11. When my mood tanks like that, I’ve found that either Ritalin or Adderall helps bump me up some. This helps whether I start the day off lower than normal, or if I have a sudden slump during the course of the day. When I take either regularly, I don’t have so many sudden drops, and am less depressed in general. Adderall works better than Ritalin for me, but has worse side effects. What I do is take 30 mg to start, and then I take 10 mg every 4 hours. I’ve found that it’s not helpful without that larger initial dose. 30 mg is what’s required for me to overcome the initial “inertia,” and jolt me out of the slump. After that, I don’t need as much oomph to continue sailing through the day. The extended release (e.g., Concerta) does not work for me, probably because it doesn’t deliver enough of an initial lift.
  12. After a little over 2 months, I succumbed to temptation while in the grocery store. It’s just so easy to cave when it’s right there staring you in the face. They always seem to put it in a place where you can’t avoid seeing it, too. I wish they didn’t sell it at grocery stores.
  13. Hopefully you’ll get it today, and it will crush the psychosis that you’ve been experiencing. Did loxapine do anything for your mood or anxiety in the past?
  14. I’ve never found Zyprexa to do anything for depression, but it is very effective for destroying mania, or the the manic portion of mixed states. It also stops hallucinations and delusions in their tracks. But for depression? Nada. For me, anyway. You seem to be having breakthrough psychosis even on a 30 mg dose.
  15. You could also ask for some other tricyclics. I see you’ve tried doxepin, but what about amitripyline or nortriptyline? Then there are the MAOIs, of course. Also, it seems like there are still one or two newer ones that you haven’t tried yet. I can’t think of them (other than Fetzima, which Iceberg mentioned). Another idea is to try some of the ones you’ve already tried for a second time. If you discontinued any of them because of bad side effects, you may be able to tolerate them the second time through. Many of the meds I’ve tried for a second time have not had any (or hardly any) side effects at all.
  16. It’s too bad your pdoc appointment is Thursday instead of tomorrow. I hope you can hang on.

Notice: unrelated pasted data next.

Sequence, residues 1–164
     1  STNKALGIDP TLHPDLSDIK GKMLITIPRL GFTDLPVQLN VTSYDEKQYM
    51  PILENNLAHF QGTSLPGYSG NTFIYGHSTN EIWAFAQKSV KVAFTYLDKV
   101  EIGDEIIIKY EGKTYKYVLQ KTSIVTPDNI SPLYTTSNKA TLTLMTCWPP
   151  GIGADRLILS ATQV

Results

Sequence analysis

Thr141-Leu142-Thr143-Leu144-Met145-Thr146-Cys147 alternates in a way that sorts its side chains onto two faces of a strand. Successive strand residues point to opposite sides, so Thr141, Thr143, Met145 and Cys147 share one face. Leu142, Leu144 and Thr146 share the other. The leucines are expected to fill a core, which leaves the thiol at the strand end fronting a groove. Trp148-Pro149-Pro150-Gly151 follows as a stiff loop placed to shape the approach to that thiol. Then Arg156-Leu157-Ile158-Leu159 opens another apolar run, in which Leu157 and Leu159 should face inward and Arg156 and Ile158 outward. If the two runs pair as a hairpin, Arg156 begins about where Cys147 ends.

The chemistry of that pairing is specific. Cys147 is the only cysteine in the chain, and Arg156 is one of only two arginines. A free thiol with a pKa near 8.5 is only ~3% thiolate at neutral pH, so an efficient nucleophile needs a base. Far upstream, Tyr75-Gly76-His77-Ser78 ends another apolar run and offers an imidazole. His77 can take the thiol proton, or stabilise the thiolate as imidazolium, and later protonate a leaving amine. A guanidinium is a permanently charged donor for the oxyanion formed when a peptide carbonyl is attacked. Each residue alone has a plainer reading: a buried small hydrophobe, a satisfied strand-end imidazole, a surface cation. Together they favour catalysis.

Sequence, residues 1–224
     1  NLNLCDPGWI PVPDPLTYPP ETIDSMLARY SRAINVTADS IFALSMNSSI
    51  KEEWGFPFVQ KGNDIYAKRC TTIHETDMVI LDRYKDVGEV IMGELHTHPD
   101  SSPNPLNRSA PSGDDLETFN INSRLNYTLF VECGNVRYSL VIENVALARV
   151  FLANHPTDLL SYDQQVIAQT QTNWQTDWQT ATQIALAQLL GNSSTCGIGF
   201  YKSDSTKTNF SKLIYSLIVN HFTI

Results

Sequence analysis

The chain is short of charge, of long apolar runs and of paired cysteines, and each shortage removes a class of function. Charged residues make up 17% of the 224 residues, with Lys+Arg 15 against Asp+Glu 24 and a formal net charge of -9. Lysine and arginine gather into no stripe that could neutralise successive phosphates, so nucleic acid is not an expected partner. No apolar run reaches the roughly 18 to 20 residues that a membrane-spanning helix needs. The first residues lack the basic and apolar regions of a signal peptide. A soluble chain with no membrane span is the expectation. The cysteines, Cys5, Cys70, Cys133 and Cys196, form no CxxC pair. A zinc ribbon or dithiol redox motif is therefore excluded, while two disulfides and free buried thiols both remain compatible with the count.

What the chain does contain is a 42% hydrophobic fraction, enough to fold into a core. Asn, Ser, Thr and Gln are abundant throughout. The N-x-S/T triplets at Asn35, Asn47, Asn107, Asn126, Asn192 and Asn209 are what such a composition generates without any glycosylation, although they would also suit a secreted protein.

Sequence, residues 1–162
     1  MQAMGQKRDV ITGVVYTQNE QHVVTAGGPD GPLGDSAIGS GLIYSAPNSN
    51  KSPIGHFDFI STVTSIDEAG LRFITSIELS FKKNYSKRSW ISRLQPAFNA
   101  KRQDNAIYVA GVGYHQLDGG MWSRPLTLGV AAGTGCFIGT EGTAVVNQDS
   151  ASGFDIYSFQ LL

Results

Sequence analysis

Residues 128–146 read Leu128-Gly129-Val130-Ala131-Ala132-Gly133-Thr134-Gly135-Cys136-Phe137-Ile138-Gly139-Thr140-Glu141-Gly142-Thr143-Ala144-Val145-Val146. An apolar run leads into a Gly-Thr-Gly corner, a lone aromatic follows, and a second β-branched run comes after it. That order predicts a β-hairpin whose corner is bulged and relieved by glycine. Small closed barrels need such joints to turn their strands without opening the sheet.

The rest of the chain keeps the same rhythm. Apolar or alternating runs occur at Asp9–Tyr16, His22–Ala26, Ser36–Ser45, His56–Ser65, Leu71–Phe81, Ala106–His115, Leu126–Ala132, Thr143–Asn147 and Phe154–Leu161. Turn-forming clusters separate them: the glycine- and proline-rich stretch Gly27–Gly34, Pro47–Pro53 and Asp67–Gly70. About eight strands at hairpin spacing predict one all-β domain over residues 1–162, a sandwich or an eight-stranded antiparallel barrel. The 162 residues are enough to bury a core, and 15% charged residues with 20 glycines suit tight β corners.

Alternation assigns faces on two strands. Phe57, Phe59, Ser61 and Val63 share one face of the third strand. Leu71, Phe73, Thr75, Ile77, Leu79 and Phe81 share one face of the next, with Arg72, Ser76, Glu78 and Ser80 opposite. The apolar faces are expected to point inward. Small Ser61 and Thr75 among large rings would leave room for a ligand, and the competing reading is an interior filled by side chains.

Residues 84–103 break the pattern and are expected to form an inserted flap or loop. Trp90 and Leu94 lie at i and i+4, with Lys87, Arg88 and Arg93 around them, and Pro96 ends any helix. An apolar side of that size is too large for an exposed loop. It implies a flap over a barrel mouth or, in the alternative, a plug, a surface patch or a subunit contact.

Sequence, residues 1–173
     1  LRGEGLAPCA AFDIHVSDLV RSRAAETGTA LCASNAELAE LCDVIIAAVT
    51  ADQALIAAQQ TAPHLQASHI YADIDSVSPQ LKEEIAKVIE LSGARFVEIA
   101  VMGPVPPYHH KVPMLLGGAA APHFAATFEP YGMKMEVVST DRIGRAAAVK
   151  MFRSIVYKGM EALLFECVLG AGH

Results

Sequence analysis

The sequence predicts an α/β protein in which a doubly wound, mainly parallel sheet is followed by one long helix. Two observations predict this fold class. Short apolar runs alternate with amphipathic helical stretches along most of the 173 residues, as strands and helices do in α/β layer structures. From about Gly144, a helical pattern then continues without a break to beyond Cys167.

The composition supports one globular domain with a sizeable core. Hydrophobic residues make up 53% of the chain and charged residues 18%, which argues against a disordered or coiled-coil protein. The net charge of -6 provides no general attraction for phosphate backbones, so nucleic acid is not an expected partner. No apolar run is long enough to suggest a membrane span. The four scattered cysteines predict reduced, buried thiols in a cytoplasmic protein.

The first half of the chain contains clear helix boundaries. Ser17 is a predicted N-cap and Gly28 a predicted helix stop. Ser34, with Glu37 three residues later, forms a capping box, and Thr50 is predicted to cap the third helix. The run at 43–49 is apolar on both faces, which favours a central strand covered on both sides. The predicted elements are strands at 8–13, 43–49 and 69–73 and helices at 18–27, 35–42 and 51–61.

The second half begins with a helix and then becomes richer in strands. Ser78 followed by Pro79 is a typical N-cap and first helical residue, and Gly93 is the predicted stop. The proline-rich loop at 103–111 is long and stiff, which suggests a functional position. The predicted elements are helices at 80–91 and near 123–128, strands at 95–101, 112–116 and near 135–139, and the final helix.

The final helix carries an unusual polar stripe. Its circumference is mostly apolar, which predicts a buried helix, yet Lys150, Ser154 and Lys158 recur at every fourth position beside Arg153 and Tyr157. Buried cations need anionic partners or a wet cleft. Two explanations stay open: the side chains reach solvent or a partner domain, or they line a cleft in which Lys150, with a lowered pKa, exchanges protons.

17. Sorry for not being more precise. I meant it the way you described it. My experience jibes with yours about it usually becoming more noticeable during a lengthy depression. Personally, I find it occupies a prominent place during the lion’s share of my protracted depressive episodes, which they all seem to be these days, lasting right up until the depression lifts. Perhaps it is always there throughout my depressions, but it is masked by more noticeable symptoms earlier on. Then, as the other symptoms dissipate, the anhedonia becomes more and more apparent. IDK. While I am not going to end up in the hospital while anhedonia is my most apparent symptom, I am still far from functioning normally. Things don’t get done, and that can occasionally lead to issues that are just as problematic as those incurred as a result of a manic episode. Ironically, I’ll pour boatloads of alcohol on the wound in order to not feel the not feeling, if that makes any sense. It subtly diverts my attention away, numbing the numbness, as it were. But ultimately, all it’s doing is changing the flavor of numbness, leaving behind a truly epic alcoholic in the process. I think it’s worth noting that some bipolar types feel like some level of mania is their normal, say a milder hypo. I myself felt that way many a time. But, after having a reasonably long “remission” a number of years back, I realized that normal was not that elevated, and was, sadly, a bit of a disappointment when you’re used to the exhilaration and energy that accompanies (hypo)manias, even during the milder stages, like in one that has a slow onset. So previously I would miss the warning signs when I was becoming (hypo)manic, because I just thought I was finally getting back to normal. I mention this here, because if your main symptom has been anhedonia for a long time, be especially aware of how you feel if you think the depression is lifting or has lifted. What you might initially perceive as normal could be a (hypo)mania taking root. I’ve found that it’s a lot easier to halt a (hypo)mania in its tracks early on, and sometimes very difficult to stop once it has been left to its own devices for too long. So no matter how much I want to feel “that feeling” (if you’ve had it before, you’ll know what I mean), I’ll take my prn at the first sign of (hypo)mania and dispense with it (mine is VERY effective for me if taken early on). It sucks, because I invariably end up back in anhedonialand. No normal. But no out-of-control (hypo)mania, either. And, perhaps most important of all, no crash. At least that’s been my experience. It can be very tempting to let the (hypo)mania run its course, even if only for a little while. But that’s playing with fire.